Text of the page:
So on the one hand, dear brethren, do not let us fall into the superficial error of fancying that our religion is a religion of emotion and morality only. It is a religion with a basis of divine truth, which, being struck away, all the rest goes. There is a revolt against dogma to-day, a revolt which in large measure is justified as an essential of progress, and in large measure as an instance of progress; but human nature is ever prone to extremes, and in the revolt from man’s dogma there is danger of casting away God’s truth. Christianity is not preserved when we hold by the bare facts of the outward history, unless we take with these facts the interpretation of them, which declares the divinity and the sacrifice of the Son of God.
And on the other hand, let us keep very clear in our minds the broad and impassable gulf of separation between the Christian teaching as embodied in the Scripture and the systems which Christianity has evolved therefrom. Men’s intellects must work upon the pabulum that is provided for them, and a theology in a systematised form is a necessity for the intellectual and reasonable life of the Christian Church. But there is all the difference between man’s inferences from and systematising of the Christian truth and the truth that lies here. The one is the golden roof that is cast over us; the other is too often but the spiders’ webs that are spun across and darken its splendour. It is a sign of a wholesome change in the whole sentiment and attitude of the modern Christian mind that the word ‘doctrine,’ which has come to mean men’s inferences from God’s truth, should have been substituted as it has been in our Revised Version of my text, by the wholesome Christian word ‘teaching.’ The teaching is the facts with the inspired commentary on them.
II. Secondly, notice that this teaching is in Paul’s judgment a mould or pattern according to which men’s lives are to be conformed.
There can be no question but that, in that teaching as set forth in Scripture, there does lie the mightiest formative power for shaping our lives, and emancipating us from our evil.
Christ is the type, the mould into which men are to be cast. The Gospel, as presented in Scripture, gives us three things. It gives us the perfect mould; it gives us the perfect motive; it gives us the perfect power. And in all three things appears its distinctive glory, apart from and above all other systems that have ever tried to affect the conduct or to mould the character of man.
In Jesus Christ we have in due combination, in perfect proportion, all the possible excellences of humanity. As in other cases of perfect symmetry, the very precision of the balanced proportions detracts from the apparent magnitude of the statue or of the fair building, so to a superficial eye there is but little beauty there that we should desire Him, but as we learn to know Him, and live nearer to Him, and get more familiar with all His sweetness, and with all His power, He towers before us in ever greater and yet never repellent or exaggerated magnitude, and never loses the reality of His brotherhood in the completeness of His perfection. We have in the Christ the one type, the one mould and pattern for all striving, the ‘glass of form,’ the perfect Man.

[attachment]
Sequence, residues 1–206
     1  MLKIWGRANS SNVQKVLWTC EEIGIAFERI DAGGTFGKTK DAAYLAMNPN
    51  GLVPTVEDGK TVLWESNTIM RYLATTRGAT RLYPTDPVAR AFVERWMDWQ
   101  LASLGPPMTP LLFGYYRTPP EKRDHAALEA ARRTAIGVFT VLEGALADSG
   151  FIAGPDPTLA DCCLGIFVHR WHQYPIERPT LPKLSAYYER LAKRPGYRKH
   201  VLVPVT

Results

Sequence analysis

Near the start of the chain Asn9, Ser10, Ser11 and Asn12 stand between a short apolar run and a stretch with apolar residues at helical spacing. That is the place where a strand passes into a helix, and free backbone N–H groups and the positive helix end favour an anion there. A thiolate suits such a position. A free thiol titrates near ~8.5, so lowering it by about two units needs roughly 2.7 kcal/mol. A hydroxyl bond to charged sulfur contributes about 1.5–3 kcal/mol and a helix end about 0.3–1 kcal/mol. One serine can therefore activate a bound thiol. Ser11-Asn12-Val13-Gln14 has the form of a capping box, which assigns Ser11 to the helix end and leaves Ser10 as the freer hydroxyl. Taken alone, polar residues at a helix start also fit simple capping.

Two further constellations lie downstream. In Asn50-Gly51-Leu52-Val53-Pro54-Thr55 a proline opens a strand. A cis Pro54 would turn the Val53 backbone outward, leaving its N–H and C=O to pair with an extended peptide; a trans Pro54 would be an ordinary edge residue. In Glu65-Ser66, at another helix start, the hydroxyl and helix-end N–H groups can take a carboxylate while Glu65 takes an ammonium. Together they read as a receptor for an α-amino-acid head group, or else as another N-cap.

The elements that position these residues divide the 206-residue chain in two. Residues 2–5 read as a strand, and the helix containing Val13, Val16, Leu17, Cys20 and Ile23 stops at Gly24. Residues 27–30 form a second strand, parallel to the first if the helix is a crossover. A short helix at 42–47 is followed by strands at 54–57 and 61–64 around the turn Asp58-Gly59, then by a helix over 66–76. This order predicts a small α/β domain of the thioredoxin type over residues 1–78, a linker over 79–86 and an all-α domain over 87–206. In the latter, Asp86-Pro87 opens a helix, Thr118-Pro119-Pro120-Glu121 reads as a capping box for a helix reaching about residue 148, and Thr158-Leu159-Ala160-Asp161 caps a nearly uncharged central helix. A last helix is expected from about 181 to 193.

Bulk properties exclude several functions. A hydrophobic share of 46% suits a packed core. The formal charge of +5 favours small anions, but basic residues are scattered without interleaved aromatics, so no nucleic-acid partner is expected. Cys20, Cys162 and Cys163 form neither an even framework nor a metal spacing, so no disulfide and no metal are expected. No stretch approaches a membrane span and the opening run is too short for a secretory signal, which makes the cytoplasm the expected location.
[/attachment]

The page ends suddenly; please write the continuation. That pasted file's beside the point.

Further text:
And that likeness is not reproduced in us by pressure or by a blow, but by the slow and blessed process of gazing until we become like, beholding the glory until we are changed into the glory.
It is no use having a mould and metal unless you have a fire. It is no use having a perfect Pattern unless you have a motive to copy it. Men do not go to the devil for want of examples; and morality is not at a low ebb by reason of ignorance of what the true type of life is. But nowhere but in the full-orbed teaching of the New Testament will you find a motive strong enough to melt down all the obstinate hardness of the ‘northern iron’ of the human will, and to make it plastic to His hand. If we can say, ‘He loved me and gave Himself for me’ then the sum of all morality, the old commandment that ‘ye love one another’ receives a new stringency, and a fresh motive as well as a deepened interpretation, when His love is our pattern. The one thing that will make men willing to be like Christ is their faith that Christ is their Sacrifice and their Saviour. And sure I am of this, that no form of mutilated Christianity, which leaves out or falteringly proclaims the truth that Christ died on the Cross for the sins of the world, will ever generate heat enough to mould men’s wills, or kindle motives powerful enough to lead to a life of growing imitation of and resemblance to Him. The dial may be all right, the hours most accurately marked in their proper places, every minute registered on the circle, the hands may be all right, delicately fashioned, truly poised, but if there is no main-spring inside, dial and hands are of little use, and a Christianity which says, ‘Christ is the Teacher; do you obey Him?’ is as impotent as the dial face with the broken main-spring. What we need, and what, thank God, in ‘the teaching’ we have, is the pattern brought near to us, and the motive for imitating the pattern, set in motion by the great thought, ‘He loved me and gave Himself for me.’